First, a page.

My proudest accomplishment is… My son and daughter. They are curious, independent thinkers, and socially conscious, and have the courage to pursue their passion with a commitment to excellence. But let me be clear: just like their mum, they aren’t perfect!


My boldest move to date was… Over 25 years ago, moving to Toronto from Vancouver — a city I loved and was very comfortable in — for more long-term career opportunities at RBC. I should point out though, I’m not big on “ests.” That move was a big life change, many more followed, both big and small, and shaped my path.


“Learning is the new currency in the future of work.”


My best advice to people starting their career is… Build a portfolio of skills and experiences. And remember, this doesn’t just happen through changing jobs. We can grow in our roles, for example by taking on new responsibilities or getting involved in projects in other areas. Go outside your comfort zone, not just once in a while, but every day and become known as someone who can learn quickly. Learning is the new currency in the future of work.


My best advice from a mentor was… Worry not about the level or title of the next job; instead, ask: what will l learn? That encouraged me to not only take on lateral roles, but even roles at a lower level for new experiences.


I would tell my 20-year old self… Judge your success by your own standards. Resist the temptation to get fixated on a singular definition of career success. Also, be active in the community; I’ve learnt that you get more than you give.


And advice to my 30–something, mother of two self… Be disciplined about making time for self-care and wellness. Whether it’s exercise, sleep, friendships, or simply reading a book — we all need “me time.”


“Resist the temptation to get fixated on a singular definition of career success.”


Work/life balance is… I think of it as work/life integration. For me it has changed over different stages of life. It even meant hitting pause on a career opportunity. For example, I declined the first executive role that RBC offered me in 1996. I had just returned from maternity leave, my children were both under the age of 3, and I hadn’t figured out how to be the kind of Mum I wanted to be and take on a more demanding role. I was prepared to take the career risk that went with this decision, but to be honest, it wasn’t that hard, because it was the right decision for me at that point in time.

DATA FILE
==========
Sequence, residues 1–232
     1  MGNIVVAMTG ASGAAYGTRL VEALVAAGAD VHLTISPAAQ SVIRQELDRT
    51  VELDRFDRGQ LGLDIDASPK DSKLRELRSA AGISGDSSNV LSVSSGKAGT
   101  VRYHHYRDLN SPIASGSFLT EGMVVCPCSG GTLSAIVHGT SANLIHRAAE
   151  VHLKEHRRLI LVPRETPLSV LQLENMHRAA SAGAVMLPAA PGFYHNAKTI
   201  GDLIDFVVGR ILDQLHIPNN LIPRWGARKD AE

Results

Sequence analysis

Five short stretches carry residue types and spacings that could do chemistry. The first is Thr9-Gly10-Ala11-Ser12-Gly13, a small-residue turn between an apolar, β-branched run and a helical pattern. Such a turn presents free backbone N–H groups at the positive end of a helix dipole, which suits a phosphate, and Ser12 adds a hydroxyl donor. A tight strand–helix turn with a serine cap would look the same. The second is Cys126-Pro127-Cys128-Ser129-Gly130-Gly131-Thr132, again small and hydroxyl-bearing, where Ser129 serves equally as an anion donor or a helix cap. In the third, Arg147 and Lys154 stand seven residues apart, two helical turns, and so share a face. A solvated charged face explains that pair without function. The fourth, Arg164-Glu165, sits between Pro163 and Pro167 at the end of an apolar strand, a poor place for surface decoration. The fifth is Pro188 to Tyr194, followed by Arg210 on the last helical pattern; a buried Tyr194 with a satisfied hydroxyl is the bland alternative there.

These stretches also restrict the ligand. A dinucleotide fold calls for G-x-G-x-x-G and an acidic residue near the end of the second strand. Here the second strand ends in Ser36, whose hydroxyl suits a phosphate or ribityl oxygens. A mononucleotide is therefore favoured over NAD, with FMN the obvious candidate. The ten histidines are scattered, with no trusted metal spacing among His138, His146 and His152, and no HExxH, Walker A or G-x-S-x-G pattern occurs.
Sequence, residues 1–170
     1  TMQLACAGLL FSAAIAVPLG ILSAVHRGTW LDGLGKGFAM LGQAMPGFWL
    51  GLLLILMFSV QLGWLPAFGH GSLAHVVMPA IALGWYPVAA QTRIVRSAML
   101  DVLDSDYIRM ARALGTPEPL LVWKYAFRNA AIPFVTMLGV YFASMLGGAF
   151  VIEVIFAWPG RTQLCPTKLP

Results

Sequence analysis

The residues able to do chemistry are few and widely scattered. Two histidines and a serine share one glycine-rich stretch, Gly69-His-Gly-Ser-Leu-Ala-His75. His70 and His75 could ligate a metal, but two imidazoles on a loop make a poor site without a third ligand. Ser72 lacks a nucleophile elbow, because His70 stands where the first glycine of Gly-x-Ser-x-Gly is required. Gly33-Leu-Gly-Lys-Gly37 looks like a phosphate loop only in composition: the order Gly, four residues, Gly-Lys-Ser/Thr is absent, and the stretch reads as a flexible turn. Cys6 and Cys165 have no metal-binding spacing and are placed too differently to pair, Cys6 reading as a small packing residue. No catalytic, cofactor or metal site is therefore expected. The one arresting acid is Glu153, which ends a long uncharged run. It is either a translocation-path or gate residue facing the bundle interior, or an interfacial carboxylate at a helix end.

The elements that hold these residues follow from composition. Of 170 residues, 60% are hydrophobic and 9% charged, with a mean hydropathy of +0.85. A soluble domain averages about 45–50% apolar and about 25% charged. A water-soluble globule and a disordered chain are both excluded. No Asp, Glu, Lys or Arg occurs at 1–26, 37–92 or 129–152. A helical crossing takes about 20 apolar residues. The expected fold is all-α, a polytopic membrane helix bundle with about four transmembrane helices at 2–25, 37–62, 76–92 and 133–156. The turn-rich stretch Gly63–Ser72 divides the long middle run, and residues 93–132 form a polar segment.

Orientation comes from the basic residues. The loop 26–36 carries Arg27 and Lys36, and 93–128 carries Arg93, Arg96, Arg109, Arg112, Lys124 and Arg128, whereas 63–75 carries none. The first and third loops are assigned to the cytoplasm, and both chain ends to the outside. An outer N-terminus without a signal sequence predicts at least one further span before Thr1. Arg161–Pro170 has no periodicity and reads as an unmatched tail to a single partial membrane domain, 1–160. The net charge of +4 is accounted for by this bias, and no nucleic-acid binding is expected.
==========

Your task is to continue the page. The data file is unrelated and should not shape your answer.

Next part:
I stay inspired by… My mum and the example she set. Shortly after my dad passed away, she brought her two teenagers to Canada from Tanzania, then devoted her life to raising us, giving us strong roots, but also wings to grow as individuals. She brought to life something my dad instilled in me – “do not constrain your ambitions just because you are female.” Mum is courageous, independent, curious and resilient.


The future excites me because… I was fortunate to have had a rewarding and meaningful career at RBC, sprinkled with opportunities to make a difference in our communities. I’m now building a portfolio career of roles across all sectors — business, government, academia and not-for-profit. I’m motivated by work that drives both economic and social impact, with a focus on investing in the development of people and building inclusive organizations and communities. I’m excited to be able to spend more time helping to building a stronger Toronto and a stronger Canada, one where everyone has the opportunities to realize their potential — a win/win that drives inclusive prosperity. My ambition is to have impact at a greater scale. It’s a bit of a roller coaster ride, but it is fun. I am definitely taking my own advice to push myself outside my comfort zone, every day!



Five Ways to Attract Younger Customers to Your Business


Today’s younger consumers shop differently than previous generations. Strategic in the way they purchase, they’re digitally savvy, socially conscious and increasingly affluent.


By Diane Amato




As a business owner, long-term success may depend upon your ability to attract a diverse customer base who will be around for years to come. Of particular interest to many business owners are young Canadians born between 1980-1994 (millennials) and those born 1995-2009 (Generation Z), but how can you attract younger Canadians to your business?

Learning more about what drives these groups, what inspires them, and what matters most in their lives may give you insights as to how to make your business appealing to them.

Here are five key characteristics of millennials and Generation Z, and five tips to make your business matter to them.